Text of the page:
How Diabetes Researchers Are Leveraging Advances In Technology
Diabetes Michael Riddell, a professor of Kinesiology and Health Science at York University, lives and breathes diabetes research, and knows more than most the effects of this disease.
"Dr. Riddell’s team is in the early stages of research into a new drug that will help build a natural response when a person’s blood sugar drops."
Dr. Riddell is a type 1 diabetic, and is excited by new research that is leading to better outcomes for people with diabetes. He is currently studying the effects of exercise and stress on diabetes. Low blood sugar is a common side effect of insulin, and this can be exacerbated during exercise. Many people don’t recognize they have low blood sugar, which can result in people getting shaky, weak, confused, disorientated, and if left untreated can lead to unconsciousness and death.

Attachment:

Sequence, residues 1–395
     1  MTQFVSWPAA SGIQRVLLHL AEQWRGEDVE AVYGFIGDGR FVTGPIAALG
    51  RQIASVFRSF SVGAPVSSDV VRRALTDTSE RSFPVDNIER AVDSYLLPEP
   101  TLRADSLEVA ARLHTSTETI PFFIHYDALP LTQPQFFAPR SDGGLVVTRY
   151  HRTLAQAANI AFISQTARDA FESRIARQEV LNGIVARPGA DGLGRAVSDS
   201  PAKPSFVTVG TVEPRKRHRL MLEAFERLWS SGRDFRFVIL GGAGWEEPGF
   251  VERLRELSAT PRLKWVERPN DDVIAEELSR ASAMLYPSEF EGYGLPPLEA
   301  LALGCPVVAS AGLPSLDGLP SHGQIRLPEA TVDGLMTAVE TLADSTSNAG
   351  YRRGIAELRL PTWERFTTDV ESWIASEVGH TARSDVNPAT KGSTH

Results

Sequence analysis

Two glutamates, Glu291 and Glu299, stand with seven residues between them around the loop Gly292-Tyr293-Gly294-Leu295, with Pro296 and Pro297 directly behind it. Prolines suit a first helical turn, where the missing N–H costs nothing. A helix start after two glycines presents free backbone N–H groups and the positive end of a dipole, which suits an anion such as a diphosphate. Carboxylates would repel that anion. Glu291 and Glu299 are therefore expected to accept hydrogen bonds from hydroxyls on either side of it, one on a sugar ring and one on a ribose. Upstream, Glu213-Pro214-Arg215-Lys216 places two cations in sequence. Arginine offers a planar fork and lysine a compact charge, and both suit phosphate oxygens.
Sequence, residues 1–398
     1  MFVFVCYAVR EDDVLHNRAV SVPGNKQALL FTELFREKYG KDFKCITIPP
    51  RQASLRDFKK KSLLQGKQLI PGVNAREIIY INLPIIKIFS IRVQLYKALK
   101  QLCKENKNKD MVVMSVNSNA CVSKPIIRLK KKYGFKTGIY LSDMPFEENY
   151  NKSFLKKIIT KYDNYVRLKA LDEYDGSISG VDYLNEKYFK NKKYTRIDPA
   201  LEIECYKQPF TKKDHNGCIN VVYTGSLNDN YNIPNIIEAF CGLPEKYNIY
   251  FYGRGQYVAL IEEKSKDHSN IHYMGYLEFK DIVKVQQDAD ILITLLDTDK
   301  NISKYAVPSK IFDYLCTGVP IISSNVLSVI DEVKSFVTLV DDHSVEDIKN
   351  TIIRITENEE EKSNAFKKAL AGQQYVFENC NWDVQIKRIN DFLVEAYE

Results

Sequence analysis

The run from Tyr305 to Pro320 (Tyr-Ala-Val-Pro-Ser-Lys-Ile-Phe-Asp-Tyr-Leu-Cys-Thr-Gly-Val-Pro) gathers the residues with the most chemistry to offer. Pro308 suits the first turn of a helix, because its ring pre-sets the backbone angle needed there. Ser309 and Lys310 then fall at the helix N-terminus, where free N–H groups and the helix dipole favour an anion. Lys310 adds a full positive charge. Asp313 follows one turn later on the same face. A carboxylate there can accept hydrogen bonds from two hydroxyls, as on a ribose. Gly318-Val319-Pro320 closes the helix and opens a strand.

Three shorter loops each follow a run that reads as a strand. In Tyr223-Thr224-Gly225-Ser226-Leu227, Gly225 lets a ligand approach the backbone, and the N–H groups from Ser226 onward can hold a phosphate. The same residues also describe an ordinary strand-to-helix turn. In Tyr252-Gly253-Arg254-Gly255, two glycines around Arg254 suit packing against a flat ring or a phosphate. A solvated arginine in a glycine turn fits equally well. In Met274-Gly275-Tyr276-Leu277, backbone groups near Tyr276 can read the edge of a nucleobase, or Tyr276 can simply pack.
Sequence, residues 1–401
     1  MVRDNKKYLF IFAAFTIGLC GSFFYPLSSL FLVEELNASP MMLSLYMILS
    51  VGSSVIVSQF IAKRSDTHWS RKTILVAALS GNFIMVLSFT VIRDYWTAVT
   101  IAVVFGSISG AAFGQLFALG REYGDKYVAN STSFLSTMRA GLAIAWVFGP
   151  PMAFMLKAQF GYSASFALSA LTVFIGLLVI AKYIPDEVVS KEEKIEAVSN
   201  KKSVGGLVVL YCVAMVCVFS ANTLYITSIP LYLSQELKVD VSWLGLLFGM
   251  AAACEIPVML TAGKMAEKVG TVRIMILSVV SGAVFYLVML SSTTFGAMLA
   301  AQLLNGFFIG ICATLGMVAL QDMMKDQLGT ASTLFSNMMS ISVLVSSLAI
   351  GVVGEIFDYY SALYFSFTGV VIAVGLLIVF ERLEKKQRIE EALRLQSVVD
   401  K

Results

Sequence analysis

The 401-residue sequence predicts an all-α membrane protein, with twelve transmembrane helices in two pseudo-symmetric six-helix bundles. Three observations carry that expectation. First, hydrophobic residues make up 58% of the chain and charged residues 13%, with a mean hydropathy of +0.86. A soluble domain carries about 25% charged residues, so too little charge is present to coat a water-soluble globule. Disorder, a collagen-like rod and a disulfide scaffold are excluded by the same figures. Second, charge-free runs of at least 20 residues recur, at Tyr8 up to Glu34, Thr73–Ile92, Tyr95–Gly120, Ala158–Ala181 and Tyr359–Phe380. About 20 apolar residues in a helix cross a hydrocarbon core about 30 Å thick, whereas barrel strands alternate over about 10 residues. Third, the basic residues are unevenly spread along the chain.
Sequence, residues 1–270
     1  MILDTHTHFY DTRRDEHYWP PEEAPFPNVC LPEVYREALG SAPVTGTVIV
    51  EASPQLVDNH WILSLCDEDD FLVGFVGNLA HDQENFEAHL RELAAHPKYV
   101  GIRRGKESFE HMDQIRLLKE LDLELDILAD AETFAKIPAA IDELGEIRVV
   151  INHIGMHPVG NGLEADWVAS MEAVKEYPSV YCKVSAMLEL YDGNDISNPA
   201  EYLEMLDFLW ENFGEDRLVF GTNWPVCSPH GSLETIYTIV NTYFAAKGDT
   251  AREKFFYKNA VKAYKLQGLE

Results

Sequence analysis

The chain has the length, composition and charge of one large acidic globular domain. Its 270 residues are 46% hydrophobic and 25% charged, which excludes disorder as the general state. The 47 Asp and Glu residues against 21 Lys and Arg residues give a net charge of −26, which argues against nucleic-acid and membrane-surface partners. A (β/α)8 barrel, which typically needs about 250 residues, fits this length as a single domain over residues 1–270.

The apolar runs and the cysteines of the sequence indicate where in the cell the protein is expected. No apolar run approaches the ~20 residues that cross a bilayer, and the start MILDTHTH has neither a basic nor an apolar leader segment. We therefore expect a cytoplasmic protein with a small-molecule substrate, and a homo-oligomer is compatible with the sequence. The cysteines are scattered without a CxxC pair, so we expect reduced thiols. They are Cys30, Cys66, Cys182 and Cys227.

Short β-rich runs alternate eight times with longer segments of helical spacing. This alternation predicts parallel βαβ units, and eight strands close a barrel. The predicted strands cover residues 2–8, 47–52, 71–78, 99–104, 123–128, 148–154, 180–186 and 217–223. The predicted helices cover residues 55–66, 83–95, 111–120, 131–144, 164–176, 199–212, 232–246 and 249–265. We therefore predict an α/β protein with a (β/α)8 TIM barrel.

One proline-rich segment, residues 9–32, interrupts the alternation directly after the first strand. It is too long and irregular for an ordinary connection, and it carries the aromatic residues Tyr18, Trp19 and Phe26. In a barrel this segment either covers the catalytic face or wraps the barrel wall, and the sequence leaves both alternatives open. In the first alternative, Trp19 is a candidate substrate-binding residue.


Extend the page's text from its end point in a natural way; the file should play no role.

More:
Dr. Riddell’s team is in the early stages of research into a new drug that will help build a natural response when a person’s blood sugar drops. Additionally, diabetes researchers are developing an artificial pancreas that can communicate with a continuous glucose monitoring machine, and use sophisticated programming to automatically increase or lower insulin by detecting exercise, or the type of meal someone has had. Right now, according to Dr. Riddell, it’s a bit hit and miss on dispensing the best amount of insulin for someone with diabetes.
“Diabetes is a complex disease, but there have been some pretty amazing advances through research,” says Dr. Riddell, “We need to do more research, because no other disease is the patient in control of their disease. They live it minute by minute, and the decisions they make impact their blood sugar.”